The approach, the collaboration, the planning, and the implementation of the plan reminded me of how firemen approach a fire. If you follow a fire truck to a fire you are likely to witness something that at first seems disturbing. The truck stops and the fireman get out. They are not running around. They are methodically executing a plan, which to the common person might seem to be working at a slower pace than is needed to get the fire out. As the fire rages in the building, the fireman get their gear, strap on an air tank, they put ladders up and get on the roof, they pull the hoses off the truck, they attach to the fire hydrant, put on their air masks, some start cutting holes in the roof and others start throwing water on the fire. Often the fire is out in short order. It is because of the planning and training, and implementation of the plan that things work so well. This is how we worked to find the troubled computer and determine how to get the customers back to work.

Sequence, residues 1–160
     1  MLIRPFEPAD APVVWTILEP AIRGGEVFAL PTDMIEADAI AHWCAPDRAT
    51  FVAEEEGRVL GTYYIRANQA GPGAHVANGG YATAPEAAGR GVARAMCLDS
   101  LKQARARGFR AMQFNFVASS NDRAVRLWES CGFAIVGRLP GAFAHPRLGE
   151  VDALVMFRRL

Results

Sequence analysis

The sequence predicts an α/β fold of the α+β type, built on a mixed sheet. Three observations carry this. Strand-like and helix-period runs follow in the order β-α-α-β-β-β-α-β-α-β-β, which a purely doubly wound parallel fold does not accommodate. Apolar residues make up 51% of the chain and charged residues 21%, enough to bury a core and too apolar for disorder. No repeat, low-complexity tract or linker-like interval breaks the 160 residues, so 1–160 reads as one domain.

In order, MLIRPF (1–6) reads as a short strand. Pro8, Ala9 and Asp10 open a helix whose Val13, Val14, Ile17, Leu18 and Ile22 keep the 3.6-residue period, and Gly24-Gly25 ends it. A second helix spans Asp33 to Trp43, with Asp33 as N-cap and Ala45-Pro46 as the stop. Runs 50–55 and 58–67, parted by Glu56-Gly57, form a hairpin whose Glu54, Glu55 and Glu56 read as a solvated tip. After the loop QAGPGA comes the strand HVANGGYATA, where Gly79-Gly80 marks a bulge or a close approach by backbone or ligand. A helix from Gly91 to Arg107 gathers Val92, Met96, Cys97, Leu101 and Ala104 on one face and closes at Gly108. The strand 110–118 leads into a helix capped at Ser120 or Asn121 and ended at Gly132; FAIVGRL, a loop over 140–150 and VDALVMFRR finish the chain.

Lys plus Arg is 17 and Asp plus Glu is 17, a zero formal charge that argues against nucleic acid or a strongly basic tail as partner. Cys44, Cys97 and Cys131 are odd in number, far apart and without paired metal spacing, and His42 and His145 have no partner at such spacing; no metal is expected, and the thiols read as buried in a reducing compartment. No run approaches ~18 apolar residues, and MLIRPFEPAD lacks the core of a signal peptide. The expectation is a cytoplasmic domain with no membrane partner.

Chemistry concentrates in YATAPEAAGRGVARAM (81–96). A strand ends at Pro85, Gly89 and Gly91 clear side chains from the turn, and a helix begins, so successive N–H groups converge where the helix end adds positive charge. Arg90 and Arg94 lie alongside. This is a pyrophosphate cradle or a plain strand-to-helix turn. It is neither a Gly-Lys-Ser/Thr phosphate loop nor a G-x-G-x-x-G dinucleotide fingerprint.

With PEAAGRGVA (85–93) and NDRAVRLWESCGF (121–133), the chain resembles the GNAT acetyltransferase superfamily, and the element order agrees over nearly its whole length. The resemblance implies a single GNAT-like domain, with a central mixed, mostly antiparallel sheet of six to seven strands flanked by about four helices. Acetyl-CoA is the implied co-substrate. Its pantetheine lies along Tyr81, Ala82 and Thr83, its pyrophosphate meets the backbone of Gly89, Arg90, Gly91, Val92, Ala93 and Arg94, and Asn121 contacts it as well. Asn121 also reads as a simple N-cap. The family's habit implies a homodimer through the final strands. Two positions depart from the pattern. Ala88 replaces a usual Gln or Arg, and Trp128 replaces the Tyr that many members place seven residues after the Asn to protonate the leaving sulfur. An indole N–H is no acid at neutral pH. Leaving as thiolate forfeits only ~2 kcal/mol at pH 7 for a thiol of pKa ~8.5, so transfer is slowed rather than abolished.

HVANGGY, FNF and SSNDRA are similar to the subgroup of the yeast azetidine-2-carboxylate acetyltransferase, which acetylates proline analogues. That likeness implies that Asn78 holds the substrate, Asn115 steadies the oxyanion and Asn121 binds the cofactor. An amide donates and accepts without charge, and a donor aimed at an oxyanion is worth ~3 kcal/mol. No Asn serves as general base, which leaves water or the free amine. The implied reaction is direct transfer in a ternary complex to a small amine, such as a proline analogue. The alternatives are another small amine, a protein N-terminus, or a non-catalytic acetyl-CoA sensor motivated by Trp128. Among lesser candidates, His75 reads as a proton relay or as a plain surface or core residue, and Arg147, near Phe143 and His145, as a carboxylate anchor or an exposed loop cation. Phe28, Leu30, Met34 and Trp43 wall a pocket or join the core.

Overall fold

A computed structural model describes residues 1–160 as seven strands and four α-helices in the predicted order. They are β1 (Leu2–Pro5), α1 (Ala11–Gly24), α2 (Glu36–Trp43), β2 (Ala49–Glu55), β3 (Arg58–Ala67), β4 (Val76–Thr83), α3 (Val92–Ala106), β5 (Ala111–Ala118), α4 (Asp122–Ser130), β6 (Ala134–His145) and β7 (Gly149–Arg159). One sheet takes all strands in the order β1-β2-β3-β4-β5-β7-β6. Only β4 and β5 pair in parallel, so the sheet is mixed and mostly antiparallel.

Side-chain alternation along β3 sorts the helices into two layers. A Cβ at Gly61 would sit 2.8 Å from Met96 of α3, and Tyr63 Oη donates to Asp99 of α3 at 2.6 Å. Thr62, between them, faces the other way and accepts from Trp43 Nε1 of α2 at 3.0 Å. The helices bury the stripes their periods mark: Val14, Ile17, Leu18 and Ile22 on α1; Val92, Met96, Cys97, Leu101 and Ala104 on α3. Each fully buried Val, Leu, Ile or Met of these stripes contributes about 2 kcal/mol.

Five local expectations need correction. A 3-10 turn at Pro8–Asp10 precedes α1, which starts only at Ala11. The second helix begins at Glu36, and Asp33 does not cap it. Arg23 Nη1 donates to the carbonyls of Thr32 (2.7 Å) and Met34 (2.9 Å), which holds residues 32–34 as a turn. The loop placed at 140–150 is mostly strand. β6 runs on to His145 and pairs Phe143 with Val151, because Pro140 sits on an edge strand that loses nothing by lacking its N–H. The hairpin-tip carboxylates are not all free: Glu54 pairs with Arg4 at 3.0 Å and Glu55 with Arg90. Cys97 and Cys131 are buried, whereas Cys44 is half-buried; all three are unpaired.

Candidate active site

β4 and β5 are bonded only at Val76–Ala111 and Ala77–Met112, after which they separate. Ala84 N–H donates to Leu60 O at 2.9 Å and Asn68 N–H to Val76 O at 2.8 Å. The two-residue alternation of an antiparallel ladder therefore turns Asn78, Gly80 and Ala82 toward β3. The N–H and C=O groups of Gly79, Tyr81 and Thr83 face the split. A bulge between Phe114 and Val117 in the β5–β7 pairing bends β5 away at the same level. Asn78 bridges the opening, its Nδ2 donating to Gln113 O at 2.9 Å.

Finding the machine that installed Cryptolocker turned out to be simple as all we had to do is search for the file names above on the C: drive, and possibly other drives on the computer. In this office there are close to 50 computers, so the tasks took a little time with three of us unplugging and searching. We found the troubled computer pretty quick. Murphy’s Law would have dictated locating it show up on the 50th computer, but instead it was one of the first.